And the torch has been passed to a new land: the German newspaper Suddeutscher Zeitung reports on China surpassing the Bundesrepublik as the “world’s top exporter,” or, literally, “world master of exports” in an article entitled “China, You Are Germany.“
For readers in North America who have access to Korean Quarterly, an upcoming essay of mine will be appearing in that publication in a couple of weeks’ time. KQ, based in Minneapolis, is one of my favorite venues for publication and I’m fortunate that its dynamic editors, Stephen Wenrow and Martha Vickery, now allow me to wax rhapsodic to a much broader audience than I am often able to find in the Korean Studies or Asian Studies journals where most of my scholarly work about North Korea goes.
Here is the introductory gambit; not a gem of prose construction, but hopefully functional at least in getting across the main ideas:
Respectworthy Friends or Duplicitous Snakes? : Chinese Views of North Korea
There are few things in life more instructive than talking to Chinese people, in China, about North Korea. The Chinese people, as with most things, regard North Korea with the aid of abundant cultural and historical baggage and continually transforming knowledge. The Chinese debate about North Korea rages on the internet, continues in the state-controlled print media, continues through the writings of scholars, and turns up again in conversations with Chinese citizens, including ethnic Koreans, along the border. Chinese views of North Korea are not only staggeringly diverse, they ultimately are consequential. North Korea could scarcely exist without Chinese aid, aid which, ironically, keeps the juche-declaring state upright. China, thus, remains itself an excellent but often neglected window for information about North Korea.Since 2006, the DPRK has progressively angered the Chinese leadership through a series of ill-calculated missile and nuclear tests not far from China’s borders. Chinese leaders have thus widened the public discourse on North Korea, allowing far more nationalistic “dissent” to be expressed towards China’s traditional policy of alliance with the North. Such aspects are rarely acknowledged in analyzing North Korean foreign policy and China’s role in it, but they should be. For the past three years, I have been spending time researching in Beijing and traveling along the length of the Chinese side of the North Korean border, talking with Chinese, meeting North Koreans, and gathering visual and other data for a study of the broader dynamics at work in this very important relationship. This past year, things seemed to change more rapidly than at any time in the past.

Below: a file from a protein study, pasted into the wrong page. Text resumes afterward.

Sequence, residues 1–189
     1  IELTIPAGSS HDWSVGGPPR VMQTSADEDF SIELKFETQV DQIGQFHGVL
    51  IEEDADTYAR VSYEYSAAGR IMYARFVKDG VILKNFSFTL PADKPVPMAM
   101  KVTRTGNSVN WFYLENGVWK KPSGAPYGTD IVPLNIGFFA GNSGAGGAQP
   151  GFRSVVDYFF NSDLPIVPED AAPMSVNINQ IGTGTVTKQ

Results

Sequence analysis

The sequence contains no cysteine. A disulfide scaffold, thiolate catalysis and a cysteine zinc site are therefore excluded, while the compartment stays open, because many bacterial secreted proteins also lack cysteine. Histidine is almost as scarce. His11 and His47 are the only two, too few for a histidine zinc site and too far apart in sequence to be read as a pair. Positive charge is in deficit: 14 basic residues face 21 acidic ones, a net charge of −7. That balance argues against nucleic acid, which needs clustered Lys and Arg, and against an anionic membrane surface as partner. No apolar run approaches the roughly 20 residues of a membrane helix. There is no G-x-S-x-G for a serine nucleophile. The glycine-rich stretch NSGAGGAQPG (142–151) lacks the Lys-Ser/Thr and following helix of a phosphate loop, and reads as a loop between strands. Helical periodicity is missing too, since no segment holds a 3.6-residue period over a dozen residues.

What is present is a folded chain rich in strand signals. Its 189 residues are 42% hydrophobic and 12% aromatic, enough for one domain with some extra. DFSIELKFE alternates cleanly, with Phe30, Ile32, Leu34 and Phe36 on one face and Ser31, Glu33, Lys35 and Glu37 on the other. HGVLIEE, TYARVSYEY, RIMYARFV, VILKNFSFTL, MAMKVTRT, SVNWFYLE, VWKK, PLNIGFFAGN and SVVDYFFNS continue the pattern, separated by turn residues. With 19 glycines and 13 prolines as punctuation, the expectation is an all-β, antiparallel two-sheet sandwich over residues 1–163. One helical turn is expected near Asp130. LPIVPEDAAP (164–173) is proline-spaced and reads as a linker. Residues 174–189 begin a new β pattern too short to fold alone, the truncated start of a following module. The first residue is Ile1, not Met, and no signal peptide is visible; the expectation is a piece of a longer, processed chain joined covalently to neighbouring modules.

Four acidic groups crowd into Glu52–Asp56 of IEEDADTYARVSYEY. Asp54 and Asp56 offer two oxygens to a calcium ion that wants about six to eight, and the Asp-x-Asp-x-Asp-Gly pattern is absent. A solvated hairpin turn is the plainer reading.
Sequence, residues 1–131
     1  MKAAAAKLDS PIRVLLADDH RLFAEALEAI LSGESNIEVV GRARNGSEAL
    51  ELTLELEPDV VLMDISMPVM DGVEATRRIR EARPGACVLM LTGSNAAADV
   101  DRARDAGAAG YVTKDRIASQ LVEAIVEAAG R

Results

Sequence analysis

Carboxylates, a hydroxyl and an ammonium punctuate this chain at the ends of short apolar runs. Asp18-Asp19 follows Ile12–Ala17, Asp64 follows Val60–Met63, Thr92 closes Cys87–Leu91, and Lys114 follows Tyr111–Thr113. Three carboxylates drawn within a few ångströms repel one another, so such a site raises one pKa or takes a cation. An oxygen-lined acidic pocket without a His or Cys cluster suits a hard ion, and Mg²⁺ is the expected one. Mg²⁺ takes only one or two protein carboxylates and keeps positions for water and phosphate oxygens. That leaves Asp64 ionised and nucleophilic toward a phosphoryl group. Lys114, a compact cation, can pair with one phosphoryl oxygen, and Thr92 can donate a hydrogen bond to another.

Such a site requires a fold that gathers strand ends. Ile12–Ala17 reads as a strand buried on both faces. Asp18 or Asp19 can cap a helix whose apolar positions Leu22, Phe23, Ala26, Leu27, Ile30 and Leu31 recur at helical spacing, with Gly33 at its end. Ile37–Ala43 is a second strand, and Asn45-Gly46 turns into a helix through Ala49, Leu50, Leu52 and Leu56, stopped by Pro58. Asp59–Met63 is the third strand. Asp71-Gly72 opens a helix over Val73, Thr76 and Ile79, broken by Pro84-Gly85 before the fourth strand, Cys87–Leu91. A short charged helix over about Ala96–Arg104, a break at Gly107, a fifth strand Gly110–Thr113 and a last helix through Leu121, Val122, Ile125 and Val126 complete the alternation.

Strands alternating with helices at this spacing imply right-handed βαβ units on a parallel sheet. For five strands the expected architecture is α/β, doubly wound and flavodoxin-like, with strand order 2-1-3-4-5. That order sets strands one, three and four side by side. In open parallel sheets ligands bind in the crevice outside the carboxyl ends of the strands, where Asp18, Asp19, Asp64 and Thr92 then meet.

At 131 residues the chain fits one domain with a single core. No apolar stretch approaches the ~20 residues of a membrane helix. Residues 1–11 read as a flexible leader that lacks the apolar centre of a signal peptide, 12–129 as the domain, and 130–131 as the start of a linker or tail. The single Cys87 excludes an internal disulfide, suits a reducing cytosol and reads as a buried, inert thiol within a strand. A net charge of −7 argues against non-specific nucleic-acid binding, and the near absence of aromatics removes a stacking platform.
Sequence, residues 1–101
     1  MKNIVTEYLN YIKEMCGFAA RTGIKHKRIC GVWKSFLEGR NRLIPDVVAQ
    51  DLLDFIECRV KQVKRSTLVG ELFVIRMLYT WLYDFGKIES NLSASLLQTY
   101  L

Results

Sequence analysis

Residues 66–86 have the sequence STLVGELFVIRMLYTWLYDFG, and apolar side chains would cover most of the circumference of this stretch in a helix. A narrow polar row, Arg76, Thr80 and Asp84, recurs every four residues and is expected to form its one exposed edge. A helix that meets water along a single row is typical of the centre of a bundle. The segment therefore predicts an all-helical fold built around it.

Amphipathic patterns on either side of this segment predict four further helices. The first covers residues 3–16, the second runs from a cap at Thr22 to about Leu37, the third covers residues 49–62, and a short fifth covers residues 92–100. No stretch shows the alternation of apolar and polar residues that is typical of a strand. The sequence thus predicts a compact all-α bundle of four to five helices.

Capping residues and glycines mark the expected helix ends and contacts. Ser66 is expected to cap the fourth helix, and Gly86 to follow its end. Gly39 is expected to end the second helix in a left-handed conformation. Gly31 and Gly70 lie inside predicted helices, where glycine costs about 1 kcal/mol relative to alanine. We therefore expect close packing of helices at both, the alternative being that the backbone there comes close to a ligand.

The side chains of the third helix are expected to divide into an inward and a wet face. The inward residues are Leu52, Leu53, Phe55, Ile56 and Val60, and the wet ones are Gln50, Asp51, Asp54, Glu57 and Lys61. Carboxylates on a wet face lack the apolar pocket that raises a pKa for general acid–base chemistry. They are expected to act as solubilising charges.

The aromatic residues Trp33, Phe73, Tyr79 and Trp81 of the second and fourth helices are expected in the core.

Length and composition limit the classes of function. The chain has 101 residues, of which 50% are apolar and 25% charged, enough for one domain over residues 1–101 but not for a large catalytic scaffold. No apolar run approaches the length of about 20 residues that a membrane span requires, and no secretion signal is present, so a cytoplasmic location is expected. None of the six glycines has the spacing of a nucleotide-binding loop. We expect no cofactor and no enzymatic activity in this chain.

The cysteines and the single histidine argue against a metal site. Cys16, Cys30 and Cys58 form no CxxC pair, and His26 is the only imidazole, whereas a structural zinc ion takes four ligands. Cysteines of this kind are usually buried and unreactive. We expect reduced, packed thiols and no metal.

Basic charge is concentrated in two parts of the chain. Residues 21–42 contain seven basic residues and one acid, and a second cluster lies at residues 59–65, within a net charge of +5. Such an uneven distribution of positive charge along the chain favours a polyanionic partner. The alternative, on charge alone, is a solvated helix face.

When they are discussed in tandem, North Korea and China tend to be discussed in conjunction with the standard grab-bag of issues: China and the stalemated Six-Party talks, China’s foreign aid to the North Koreans, and problems with refugees across the border. China’s role in enforcing UN sanctions may be the subject of debate on one day, while on another day, commentators are wondering what role the Chinese border police might have played in arresting people like Mitch Koss, Laura Ling’s cameraman, or not arresting people like the meta-missionary Robert Park, who crossed into the DPRK on Christmas. What is often lost in the discussion of Beijing-Washington-Pyongyang policy debates is a sense of what Chinese people think of North Korea, or why that might matter. After all, Chinese nationalism (and Chinese power generally) is on the rise. If, as people like Robert Kaplan would argue, China is poised to take over North Korea, wouldn’t it be prudent for us to get a sense of general societal dynamics in the PRC toward this idea or similar propositions? How did China talk about North Korea in 2009, and did this represent a serious change?
Citation: Adam Cathcart, “Respectworthy Friends or Duplicitous Snakes? Chinese Views of North Korea,” forthcoming in Korean Quarterly (Spring 2010).